Listen Without Prejudice (with apologies to George Michael) Print E-mail
By Sue Osborne   
As I write this, I am thinking of my twenty-one-year-old daughter and how her online life is so very different to mine. My online world is full of Twitter, and Facebook and a dash of Instagram, as well as copious online articles and news stories about my profession, and topics that are close to my heart like literacy, photography, trivia quizzes and so on.
 
Rachael’s online life is far removed from that. Sure, she still uses Facebook, but she is more likely to communicate via Messenger or Snapchat. I have just over 300 friends, most of whom I know in some way and have met IRL (in real life). Rachael has over 1200, most of whom she has NEVER met and many who are from interstate or another country.
 

Rachael’s screen is her social and relaxation life.

I watch the odd YouTube video, but most of my TV viewing is Netflix or Stan these days, or even something archaic like a DVD. Rachael’s viewing is exclusively via YouTube. Buzzfeed, Rooster Teeth, Tastemade and countless others are her staple viewing. She can watch these anywhere, anytime on her phone, which is her constant companion. While I could do that too, I choose not to and, if I have free time, do craft or read or write or play games. Rachael’s screen is her social and relaxation life. If she’s not watching YouTube (she has a YouTube RED account that takes all the ads out and gives her access to extra content), Rachael is playing on her Nintendo Switch, or with other online friends on the Xbox.
 
The difference in our online lives was brought home to me this past weekend when Rachael went to Sydney to attend RTX (Rooster Teeth Expo), and meet some friends she had literally had for years, IRL (in real life) for the very first time. This is not unusual at RTX – many people meet for the first time at such conventions and some, according to a recent ABC news article http://mobile.abc.net.au/news/2018-02-05/old-friends-meet-for-first-time-at-rooster-teeth-meetup/9398160, meet their life partners there.
 

These young people are connecting because of content created by people just like them.

Now, make no mistake, I do have a few friends, especially on Twitter, that I have never met before, but we have some kind of professional connection (we are librarians, or aspiring authors, for instance). These RT friends are connected to Rachael by the content she prefers on the internet. I find this incredible, strange and oddly inspiring. These young people are connecting because of content created by people just like them. One of the things Rachael likes about Rooster Teeth is that the content is shared with everyone, there is no paywall, and it is made by people she relates to.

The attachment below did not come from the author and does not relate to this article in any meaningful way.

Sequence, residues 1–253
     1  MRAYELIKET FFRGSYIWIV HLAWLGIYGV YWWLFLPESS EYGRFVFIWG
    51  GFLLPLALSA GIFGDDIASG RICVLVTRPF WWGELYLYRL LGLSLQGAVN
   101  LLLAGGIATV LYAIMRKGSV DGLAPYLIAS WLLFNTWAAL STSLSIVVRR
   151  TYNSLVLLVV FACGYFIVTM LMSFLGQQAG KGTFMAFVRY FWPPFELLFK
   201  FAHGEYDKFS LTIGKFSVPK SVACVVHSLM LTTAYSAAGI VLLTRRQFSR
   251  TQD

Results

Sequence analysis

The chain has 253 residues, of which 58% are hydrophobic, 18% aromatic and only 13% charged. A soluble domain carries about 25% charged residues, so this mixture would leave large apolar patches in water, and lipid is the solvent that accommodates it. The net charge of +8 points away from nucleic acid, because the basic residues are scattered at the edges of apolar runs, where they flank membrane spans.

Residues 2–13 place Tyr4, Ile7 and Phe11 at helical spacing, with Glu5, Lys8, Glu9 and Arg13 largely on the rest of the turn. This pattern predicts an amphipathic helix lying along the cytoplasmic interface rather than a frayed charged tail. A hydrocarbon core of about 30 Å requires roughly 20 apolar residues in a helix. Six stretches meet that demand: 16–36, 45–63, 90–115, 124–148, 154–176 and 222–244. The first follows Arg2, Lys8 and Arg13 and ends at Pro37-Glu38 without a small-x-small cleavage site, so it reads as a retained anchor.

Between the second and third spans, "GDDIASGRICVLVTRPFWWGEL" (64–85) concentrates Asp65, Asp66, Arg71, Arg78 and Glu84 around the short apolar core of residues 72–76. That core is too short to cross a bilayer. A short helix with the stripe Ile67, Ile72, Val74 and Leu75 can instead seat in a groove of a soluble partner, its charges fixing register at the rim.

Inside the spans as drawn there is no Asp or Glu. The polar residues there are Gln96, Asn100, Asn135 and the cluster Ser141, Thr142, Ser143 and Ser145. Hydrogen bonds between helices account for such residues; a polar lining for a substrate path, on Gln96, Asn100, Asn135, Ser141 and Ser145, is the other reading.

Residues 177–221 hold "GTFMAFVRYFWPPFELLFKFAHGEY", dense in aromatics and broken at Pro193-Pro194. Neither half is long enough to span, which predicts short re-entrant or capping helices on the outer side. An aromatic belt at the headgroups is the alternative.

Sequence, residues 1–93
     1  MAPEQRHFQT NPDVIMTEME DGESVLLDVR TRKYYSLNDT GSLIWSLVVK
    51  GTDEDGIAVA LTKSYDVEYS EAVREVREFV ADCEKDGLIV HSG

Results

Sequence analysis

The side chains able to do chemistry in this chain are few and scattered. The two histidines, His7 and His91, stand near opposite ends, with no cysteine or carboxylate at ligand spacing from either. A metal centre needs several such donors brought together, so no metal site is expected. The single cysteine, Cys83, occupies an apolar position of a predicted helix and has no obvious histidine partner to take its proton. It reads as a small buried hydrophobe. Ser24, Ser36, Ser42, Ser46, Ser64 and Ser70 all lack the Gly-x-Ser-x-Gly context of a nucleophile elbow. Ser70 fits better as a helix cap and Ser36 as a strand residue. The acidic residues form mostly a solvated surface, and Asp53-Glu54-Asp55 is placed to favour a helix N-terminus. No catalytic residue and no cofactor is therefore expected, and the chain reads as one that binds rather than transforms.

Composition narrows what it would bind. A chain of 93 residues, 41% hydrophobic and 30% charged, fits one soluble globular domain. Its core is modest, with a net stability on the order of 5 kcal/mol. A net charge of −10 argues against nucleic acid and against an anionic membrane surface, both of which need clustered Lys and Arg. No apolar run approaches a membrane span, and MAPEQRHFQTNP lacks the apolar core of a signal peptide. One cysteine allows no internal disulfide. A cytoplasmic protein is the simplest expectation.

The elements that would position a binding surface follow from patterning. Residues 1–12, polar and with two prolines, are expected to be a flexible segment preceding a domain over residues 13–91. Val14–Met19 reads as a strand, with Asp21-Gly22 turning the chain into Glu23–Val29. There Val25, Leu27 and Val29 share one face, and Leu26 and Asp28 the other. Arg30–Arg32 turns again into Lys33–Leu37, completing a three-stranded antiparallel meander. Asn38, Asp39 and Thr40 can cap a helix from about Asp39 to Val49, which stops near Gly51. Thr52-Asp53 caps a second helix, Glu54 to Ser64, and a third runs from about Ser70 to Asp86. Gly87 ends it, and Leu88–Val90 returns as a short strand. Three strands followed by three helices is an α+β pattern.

They speak Rachael’s language. The language of gaming, of memes, hashtags, of Vines, of Snapchat is how people Rachael’s age communicate with one another. Listening to Rachael – in fact listening to a lot of my students – is teaching me new ways to reach out, to make connections to reading and literature in an increasingly online world.
 

. . . listening to a lot of my students . . . is teaching me new ways to reach out, to make connections to reading and literature in an increasingly online world.

As we have recently seen and heard in the US, following the Parkland school shooting in Florida, young people connect in the online world quickly, and in this case, mobilise themselves into action quickly too. They speak the same language, and it is up to us to LISTEN, not participate (except perhaps to encourage or validate) and wait to hear what they have to say. I am still learning – I hope I never stop – and I think it is up to all of us to make it our business to be aware of everything that is out there. Not to step into those worlds necessarily – young adults and new adults don’t tend to respond well to us oldies stepping on and messing up their online turf – but to observe, to include it in our thinking about services and resources for teens. Because if we don’t we get erased out of the picture; they will move on and find something else. The trick will be to make a connection and keep it open.
 
Sue Osborne is Head of Library at Haileybury’s Brighton campus. 
She can be found online at http://librarymonitor.net
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Lifeverse (poetry): https://sueo23.wordpress.com/
Mind Reset: Life after gastric banding surgery: https://mymindreset.wordpress.com/